Sexual Harassment in the Workplace - "You were Flattered"

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Women have been suffering in silence, internalizing their pain and feeling the shame of being sexually harassed for what seems like an eternity.  

Victims of sexual harassment in the workplace or who seek or provide a particular service are accused of "asking for it" or they ought to feel "flattered by the attention." 
No matter how women are dressed, how educated they are, or the position they hold.  Sexual harassment is a shared experience.

When women are courageous enough to challenge such unwanted behaviour by men, they are often made to feel degraded. This behaviour by men is across the social and cultural divide, regardless of race and ethnicity or profession. 
Victims are expected to prove that they are impeccable and without blame even when they seek justice as in the recent case in Montreal ((Judge Braun, http://www.cbc.ca/news/canada/montreal/quebec-court-judge-sexual-assault-victim-1.4370997). A similar situation occurred in Nova Scotia.  

It is unfortunate that although laws have been in place for decades to protect women, the system is designed to protect the perpetrators because our workplaces are male-dominated and it is biased towards men.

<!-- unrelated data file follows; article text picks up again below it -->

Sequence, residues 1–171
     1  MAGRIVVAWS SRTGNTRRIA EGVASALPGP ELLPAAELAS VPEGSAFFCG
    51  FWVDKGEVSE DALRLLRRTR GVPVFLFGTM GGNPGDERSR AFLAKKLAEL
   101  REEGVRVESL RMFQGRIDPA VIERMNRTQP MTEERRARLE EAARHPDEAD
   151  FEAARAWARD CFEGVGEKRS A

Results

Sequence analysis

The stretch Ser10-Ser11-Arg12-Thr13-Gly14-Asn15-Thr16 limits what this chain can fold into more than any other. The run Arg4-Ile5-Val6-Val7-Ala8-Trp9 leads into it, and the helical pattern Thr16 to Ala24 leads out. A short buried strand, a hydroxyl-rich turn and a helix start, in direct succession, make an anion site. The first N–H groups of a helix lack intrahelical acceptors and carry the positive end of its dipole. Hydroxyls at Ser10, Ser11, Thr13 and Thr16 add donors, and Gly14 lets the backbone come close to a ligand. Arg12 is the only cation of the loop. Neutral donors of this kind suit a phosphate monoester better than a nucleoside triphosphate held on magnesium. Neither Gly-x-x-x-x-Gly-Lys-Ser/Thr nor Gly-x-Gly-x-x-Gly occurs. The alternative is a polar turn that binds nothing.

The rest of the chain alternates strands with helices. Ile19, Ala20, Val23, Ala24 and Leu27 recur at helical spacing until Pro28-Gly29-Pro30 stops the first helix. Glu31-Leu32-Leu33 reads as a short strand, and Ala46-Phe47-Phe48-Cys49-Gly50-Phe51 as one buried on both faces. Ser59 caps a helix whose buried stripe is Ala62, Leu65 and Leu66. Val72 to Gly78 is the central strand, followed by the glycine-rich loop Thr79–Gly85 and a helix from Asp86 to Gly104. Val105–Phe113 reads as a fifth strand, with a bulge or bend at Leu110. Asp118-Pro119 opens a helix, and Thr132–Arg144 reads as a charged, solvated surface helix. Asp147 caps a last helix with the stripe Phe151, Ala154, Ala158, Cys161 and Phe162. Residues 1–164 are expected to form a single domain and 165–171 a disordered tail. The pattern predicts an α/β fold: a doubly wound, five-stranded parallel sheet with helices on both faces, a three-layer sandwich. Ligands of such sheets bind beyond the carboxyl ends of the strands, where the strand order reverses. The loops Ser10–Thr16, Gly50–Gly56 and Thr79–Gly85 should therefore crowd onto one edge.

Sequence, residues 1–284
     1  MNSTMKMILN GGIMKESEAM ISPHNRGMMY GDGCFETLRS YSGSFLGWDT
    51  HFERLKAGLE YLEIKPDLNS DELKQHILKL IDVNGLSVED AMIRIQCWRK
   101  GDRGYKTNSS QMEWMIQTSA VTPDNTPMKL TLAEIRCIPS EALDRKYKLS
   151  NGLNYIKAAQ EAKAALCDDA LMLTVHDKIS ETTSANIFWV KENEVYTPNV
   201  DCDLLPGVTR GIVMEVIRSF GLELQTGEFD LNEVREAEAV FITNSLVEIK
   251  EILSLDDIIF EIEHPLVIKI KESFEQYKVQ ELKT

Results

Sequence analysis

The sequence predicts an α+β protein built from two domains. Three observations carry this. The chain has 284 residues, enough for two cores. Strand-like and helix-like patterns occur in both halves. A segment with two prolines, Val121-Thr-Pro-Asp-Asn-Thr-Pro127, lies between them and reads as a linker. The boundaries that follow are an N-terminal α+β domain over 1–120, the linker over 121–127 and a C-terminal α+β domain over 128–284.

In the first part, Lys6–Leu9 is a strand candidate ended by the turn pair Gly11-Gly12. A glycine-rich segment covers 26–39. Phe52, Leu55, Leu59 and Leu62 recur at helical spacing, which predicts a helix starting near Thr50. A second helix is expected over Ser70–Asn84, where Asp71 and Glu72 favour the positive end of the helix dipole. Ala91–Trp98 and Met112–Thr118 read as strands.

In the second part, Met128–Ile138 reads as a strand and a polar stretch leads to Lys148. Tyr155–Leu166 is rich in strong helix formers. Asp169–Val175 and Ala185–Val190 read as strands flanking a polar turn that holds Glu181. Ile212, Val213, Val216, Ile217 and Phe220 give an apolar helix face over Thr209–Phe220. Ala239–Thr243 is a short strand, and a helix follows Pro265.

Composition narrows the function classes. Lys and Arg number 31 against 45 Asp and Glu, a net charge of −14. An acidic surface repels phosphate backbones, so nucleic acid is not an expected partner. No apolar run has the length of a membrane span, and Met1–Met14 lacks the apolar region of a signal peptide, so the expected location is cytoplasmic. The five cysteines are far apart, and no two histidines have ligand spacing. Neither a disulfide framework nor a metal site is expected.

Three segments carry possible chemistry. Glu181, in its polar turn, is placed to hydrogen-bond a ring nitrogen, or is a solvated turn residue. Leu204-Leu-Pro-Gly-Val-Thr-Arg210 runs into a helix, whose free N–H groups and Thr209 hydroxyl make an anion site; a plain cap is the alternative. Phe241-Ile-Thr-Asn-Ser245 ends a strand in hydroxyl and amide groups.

I am glad the topic is being headlined in the recent weeks because it has generated conversation, people are now being held to account for their actions. Some will face or feel the consequence of their actions where it hurts the most. Money speaks volumes, and the business must go on.

It is encouraging to know that women now speak with a collective voice and feel empowered enough to name and shame.
However, the majority of women who have been victimized and abused by men in the workplace will be afraid to come forward or speak up for fear of losing their jobs.  The most vulnerable often feel they have nowhere to go.

Anyone who is a victim of abuse in the workplace, particularly in Canada can approach the Human Rights Commission in their province or territory with confidence for help and support in lodging a complaint.  Other countries may have a similar complaint process.

If you or your organization is interested in a Workshop on "Sexual Harassment in the Workplace." We have a solution for you.